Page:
Tim Tallcouch has never met Kevin Durant.
Probably never will.
Yet, he is grateful for the Thunder superstar.
That's because Tallcouch is from Newtown, Conn. He's the boys basketball coach at the high school there, and he saw the tribute that Durant paid his hurting town last Friday night.
Durant wrote “NEWTOWN, CT” on the shoes he wore for Oklahoma City's game only hours after the school shooting there.
“Believe me,” Tallcouch said, “it helps knowing that the world cares.”
What Durant did might seem small. What many athletes and teams have done to recognize Newtown or Sandy Hook Elementary might seem inconsequential amid the incomprehensible horror of last week's mass shooting.
But it is not.
With apologies to David Stern — the NBA commish said earlier this week that he believes these tributes are more about helping ourselves than helping victims — athletes have turned their shoes or their gloves or their helmets into moving memorials.
Sports figures paying tribute to non-sports-related events almost never used to happen. When President Kennedy and Dr. King were assassinated, not one professional team acknowledged the events with any sort of patch or decal or armband. Now, even when teams and leagues choose not to pay tribute to an event, players are taking matters into their own hands. They use their shoes, their gloves, their armbands.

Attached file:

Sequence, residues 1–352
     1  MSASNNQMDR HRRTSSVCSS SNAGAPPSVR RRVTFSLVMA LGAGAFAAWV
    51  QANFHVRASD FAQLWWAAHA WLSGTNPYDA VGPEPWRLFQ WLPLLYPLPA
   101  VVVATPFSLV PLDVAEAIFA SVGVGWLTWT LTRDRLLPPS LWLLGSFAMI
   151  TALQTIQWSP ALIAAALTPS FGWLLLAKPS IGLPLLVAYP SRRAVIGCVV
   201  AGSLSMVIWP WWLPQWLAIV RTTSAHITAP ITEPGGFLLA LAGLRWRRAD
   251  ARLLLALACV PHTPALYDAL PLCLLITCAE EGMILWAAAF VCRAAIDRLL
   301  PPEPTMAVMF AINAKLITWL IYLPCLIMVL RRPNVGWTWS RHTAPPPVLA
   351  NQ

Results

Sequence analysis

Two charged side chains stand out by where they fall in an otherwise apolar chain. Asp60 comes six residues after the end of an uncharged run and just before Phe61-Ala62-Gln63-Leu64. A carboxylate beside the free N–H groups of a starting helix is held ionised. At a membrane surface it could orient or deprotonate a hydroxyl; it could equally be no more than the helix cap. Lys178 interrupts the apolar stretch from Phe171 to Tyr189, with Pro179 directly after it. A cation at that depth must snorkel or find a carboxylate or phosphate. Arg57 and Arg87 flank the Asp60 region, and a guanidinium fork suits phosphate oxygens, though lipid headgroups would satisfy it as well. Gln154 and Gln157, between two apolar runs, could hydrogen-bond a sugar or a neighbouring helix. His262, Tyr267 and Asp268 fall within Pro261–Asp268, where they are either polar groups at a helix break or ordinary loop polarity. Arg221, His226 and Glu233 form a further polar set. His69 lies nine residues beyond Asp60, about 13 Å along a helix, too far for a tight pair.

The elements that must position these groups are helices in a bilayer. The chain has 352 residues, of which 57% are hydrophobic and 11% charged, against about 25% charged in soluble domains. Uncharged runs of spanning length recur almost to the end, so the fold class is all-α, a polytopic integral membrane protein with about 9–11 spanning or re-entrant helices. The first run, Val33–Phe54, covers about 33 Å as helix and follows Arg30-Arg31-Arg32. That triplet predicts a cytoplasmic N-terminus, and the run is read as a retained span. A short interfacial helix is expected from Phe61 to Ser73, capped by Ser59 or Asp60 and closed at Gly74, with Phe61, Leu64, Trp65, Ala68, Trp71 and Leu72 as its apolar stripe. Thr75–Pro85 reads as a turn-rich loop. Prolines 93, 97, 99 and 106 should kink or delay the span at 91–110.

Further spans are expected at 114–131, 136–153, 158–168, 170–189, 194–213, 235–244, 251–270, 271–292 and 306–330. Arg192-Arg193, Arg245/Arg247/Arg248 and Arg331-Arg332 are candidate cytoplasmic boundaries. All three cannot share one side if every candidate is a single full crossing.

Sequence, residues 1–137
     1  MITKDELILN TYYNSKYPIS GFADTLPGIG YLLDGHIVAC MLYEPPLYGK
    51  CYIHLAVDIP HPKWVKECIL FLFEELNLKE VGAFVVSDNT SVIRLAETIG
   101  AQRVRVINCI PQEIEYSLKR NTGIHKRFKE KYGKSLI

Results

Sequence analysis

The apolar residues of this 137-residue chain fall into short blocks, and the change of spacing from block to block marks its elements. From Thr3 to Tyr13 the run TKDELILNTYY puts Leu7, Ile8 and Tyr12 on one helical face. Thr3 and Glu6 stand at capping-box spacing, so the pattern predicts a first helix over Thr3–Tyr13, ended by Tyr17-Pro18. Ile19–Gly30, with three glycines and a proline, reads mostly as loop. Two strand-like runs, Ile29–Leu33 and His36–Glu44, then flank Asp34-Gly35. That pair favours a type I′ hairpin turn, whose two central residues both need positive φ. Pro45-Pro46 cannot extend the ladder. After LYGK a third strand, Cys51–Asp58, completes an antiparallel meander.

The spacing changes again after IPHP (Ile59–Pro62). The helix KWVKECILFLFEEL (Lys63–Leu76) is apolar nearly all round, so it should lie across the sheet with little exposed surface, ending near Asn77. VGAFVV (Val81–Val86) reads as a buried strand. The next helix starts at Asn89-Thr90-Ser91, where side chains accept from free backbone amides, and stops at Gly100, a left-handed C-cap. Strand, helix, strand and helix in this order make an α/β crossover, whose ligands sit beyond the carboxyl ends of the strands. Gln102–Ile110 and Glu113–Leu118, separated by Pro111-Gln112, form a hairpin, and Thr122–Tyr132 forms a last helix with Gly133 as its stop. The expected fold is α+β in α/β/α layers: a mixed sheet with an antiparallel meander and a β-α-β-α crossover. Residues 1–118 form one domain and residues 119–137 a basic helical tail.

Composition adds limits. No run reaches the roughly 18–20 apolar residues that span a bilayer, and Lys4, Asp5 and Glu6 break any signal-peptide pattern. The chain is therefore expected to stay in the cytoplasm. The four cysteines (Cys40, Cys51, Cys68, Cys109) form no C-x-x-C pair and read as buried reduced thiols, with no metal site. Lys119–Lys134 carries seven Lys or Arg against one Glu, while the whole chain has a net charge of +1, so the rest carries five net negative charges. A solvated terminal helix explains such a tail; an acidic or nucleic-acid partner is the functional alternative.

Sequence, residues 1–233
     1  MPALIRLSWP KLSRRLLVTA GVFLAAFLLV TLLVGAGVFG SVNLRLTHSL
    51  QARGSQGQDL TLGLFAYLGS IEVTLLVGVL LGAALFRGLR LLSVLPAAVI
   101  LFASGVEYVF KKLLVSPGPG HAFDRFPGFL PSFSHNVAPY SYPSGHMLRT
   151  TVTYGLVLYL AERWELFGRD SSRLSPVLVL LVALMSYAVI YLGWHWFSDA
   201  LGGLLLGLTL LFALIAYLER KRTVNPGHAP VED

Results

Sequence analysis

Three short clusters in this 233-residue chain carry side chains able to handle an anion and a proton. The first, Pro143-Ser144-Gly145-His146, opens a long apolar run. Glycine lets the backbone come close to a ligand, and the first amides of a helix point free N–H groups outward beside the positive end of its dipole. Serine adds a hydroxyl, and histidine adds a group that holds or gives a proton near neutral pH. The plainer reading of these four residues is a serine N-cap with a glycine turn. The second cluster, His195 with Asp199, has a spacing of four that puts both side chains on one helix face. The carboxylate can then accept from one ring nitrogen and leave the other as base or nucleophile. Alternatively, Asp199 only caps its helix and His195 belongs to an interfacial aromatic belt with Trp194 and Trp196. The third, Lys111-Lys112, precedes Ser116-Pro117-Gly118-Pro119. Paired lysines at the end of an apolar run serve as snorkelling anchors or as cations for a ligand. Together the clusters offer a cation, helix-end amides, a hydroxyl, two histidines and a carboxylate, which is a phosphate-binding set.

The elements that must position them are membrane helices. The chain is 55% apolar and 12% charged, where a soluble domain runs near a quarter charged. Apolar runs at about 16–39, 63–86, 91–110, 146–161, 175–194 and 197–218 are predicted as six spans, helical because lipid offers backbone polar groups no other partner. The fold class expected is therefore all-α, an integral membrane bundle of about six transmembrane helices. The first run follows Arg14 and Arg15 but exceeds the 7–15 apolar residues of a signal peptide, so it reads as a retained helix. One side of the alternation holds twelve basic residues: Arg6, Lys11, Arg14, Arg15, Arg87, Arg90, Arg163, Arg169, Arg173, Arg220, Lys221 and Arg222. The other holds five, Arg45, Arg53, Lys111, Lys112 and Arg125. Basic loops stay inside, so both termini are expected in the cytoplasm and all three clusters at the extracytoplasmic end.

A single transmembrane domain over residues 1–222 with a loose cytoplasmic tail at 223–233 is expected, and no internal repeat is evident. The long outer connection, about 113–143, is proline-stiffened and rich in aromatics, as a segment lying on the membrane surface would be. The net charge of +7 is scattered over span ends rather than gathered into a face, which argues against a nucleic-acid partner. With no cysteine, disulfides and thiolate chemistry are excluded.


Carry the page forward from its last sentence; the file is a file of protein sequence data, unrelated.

These small pieces of real estate are where we often see athletes' personalities. We see it in their shoe style. We see it in their glove designs. And now, we see it in their tributes.
The Miami Heat wrote “Praying for families in CT” and “RIP to families in CT” on their shoes Saturday. The New England Patriots won black-ribbon logos on their helmets Sunday. Both the Giants and the Jets teams wore S.H.E.S. decals on their helmets.
Giants receiver Victor Cruz took things a little farther. Upon learning that Jack Pinto, one of the shooting's young victims, was a fan of his, Cruz wrote the 6-year-old's name all over his cleats and gloves.
“Jack Pinto, my hero,” one read.
“This one is for you,” another said.
Cruz then drove to Newtown and personally delivered the game-worn equipment to Jack's family.
Texans defensive end J.J. Watt, whose father is a first responder, wrote the town's name on both of his game shoes Sunday.
Monday night, Titans running back Chris Johnson wrote the name of every child victim on his shoes. He then went out and scored on an awe-inspiring, franchise-record 94-yard touchdown run.
Often when a player wears a personalized item, the NFL fashion police crack down and tell him to remove it before kickoff.
No one forced Johnson to change.
With these tributes comes support.